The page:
Facebook: A New York City-Sized PR Problem

July 20, 2018

I read “Once nimble Facebook Trips Over Calls to Control Content.” If you are looking for this write up online, the story’s headline was changed to “What Stays on Facebook and What Goes? The Social Network Cannot Answer.” You may be able to locate the online version at this link. (No promises.) The dead tree version is on Page A1 of the July 20, 2018, edition which comes out on Thursday night. Got the timeline square?

I wanted to highlight a handful of comments in the “real” news story. Here we go with direct statements from the NYT article in red:

  1. The print version headline uses the phrase “once nimble.” Here in Harrod’s Creek that means stumbling bobolyne. In Manhattan, the phrase may mean something like “advertise more in the New York Times.” I am, of course, speculating.
  2. I marked in weird greenish yellow this statement: “Facebook still seems paralyzed over how to respond.” So much for nimble.
  3. Another: “Comically tripped up”. Yep, a clown’s smile on the front page of the NYT.
    Related image
  4. My favorite: The context for being a bit out of his depth. Whatever does “yet lucidity remai9ned elusive.” Does this mean stupid, duplicitous, or something else?
  5. I thought Silicon Valley wunderkind were sharp as tacks. In the NYT, I read “Facebook executives’ tortured musings.” Not Saturday Night Live deep thoughts, just musings and tortured ones at that.
  6. How does Facebook perceive “real” journalism? Well, not the way the NYT does. I circled this phrase about Alex Jones, a luminary with some avid believers one mine drainage ditch down the road a piece which is Kentucky talk for “some”: “Just being false doesn’t violate community standards” and “Infowars was a publisher with a ‘different point of view.’”
  7. This is a nifty sequence crafted to recycle another “real” journalist’s scoop interview with Mark Zuckerberg: “what Facebook would or would not allow on its site became even more confusing.” So, a possible paralyzed clown who lacks lucidity is confusing.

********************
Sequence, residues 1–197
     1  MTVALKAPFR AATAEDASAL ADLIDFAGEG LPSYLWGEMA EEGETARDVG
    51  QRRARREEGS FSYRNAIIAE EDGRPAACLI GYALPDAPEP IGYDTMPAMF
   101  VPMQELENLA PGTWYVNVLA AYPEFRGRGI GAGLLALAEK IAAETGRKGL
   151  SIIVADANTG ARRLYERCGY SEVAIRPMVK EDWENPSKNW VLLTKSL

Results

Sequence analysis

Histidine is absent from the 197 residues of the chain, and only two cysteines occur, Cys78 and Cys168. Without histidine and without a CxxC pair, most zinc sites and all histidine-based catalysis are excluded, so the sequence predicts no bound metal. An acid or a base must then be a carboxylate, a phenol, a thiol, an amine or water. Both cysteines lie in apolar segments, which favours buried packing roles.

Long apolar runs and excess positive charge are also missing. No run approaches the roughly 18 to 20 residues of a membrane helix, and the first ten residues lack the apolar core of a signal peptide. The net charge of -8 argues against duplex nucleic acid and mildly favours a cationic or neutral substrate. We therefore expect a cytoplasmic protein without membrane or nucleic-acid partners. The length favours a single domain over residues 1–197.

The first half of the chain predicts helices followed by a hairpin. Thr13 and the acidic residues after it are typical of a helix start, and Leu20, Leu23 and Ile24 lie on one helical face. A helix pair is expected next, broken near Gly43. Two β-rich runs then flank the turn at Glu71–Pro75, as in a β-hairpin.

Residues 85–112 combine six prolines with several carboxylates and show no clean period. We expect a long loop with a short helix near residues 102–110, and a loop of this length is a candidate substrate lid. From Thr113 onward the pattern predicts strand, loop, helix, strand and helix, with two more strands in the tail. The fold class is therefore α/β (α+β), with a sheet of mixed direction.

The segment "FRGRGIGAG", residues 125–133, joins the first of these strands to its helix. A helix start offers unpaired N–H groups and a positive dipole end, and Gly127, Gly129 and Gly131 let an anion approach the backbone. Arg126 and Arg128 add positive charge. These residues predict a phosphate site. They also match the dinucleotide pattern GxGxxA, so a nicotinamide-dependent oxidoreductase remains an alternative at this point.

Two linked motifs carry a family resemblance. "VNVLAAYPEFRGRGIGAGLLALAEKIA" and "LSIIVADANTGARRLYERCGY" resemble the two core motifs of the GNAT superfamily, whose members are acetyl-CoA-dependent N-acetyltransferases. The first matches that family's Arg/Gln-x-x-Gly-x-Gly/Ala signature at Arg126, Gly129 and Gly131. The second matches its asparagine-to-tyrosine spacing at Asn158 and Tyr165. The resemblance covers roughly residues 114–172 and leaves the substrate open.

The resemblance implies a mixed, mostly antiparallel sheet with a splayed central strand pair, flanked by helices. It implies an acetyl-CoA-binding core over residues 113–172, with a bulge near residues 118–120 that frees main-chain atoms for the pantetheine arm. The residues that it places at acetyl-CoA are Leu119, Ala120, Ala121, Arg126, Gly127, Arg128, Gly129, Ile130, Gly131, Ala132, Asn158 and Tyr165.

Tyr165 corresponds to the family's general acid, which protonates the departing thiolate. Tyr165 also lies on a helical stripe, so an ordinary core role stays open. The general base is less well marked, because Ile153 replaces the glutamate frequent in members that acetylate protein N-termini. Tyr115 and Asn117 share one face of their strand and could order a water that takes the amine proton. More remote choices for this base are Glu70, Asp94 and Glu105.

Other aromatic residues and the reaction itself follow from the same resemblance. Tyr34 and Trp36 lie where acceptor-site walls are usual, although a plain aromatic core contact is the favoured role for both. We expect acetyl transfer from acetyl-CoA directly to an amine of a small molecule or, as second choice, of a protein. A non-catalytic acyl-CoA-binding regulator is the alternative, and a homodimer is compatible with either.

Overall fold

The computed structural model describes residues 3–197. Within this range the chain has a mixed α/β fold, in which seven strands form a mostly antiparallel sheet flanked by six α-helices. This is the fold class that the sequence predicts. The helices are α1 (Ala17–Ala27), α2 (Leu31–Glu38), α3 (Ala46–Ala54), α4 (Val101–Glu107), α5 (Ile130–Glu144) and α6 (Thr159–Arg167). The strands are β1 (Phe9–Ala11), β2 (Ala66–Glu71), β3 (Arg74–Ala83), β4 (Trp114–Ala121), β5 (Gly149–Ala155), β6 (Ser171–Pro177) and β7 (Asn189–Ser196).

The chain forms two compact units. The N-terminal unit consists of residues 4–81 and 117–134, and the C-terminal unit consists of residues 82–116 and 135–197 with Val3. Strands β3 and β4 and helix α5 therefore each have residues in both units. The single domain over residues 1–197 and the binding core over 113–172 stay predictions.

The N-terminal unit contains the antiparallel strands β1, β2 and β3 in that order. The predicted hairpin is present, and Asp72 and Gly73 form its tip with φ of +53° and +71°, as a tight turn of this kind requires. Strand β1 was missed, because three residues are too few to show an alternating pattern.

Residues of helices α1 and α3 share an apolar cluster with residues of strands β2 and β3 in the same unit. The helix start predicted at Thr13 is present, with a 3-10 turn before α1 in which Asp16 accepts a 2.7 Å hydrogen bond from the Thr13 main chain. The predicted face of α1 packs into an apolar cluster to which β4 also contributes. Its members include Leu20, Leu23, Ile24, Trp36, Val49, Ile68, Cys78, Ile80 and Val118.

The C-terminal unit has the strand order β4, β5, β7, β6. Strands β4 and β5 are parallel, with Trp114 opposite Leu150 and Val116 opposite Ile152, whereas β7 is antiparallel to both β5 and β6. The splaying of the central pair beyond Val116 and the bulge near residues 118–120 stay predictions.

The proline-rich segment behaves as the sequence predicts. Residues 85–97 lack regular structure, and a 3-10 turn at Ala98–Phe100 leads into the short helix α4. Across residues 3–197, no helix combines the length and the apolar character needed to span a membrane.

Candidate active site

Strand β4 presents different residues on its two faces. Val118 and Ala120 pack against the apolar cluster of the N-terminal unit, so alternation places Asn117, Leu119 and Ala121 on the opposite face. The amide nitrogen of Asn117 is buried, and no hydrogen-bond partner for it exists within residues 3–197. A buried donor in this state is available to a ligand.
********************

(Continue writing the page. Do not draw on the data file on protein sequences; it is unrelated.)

8. The “bizarre idea” word pair makes sure I understand what the NYT believes in a lack of clear thinking.

But these brief rhetorical flourishes set up this statement:

A Facebook spokeswoman [who is not identified] explained that it would be possible, theoretically, to deny the Holocaust without triggering Facebook’s hate-speech clause.

Those pesky algorithms are at work. But the failure to identify the person at Facebook who offered this information is not identified. Why not?

Here’s another longer statement from the NYT write up:

And what exactly constitutes imminent violence is a shifting line, the company said— it is still ‘iterating on’ its policy, and the rules may change.

I don’t want to be too dumb, but I would like to know who at the company offered the statement. A company, to my knowledge, cannot talk unless one considers firing a question at Amazon’s Alexa.

I put an exclamation point on this statement in the NYT article:

All of this fails a basic test: It’s not even coherent. It is a hodge podge of declarations and exceptions and exceptions to the exceptions.

Net net: Facebook has a public relations problem with the New York Times. Because of the influence of the “real” newspaper and its “real” journalists, Facebook has a PR problem of magnitude. Perhaps the point of the story is to create an opportunity for a NYT ad sales professional to explain the benefits of a full page ad across the print and online versions of the New York Times?

Stephen E Arnold, July 20, 2018


One Response to “Facebook: A New York City-Sized PR Problem”

  1. Rosario Arfman on August 5th, 2018 12:42 pm

    Hi you have a cool website It was very easy to post it’s nice

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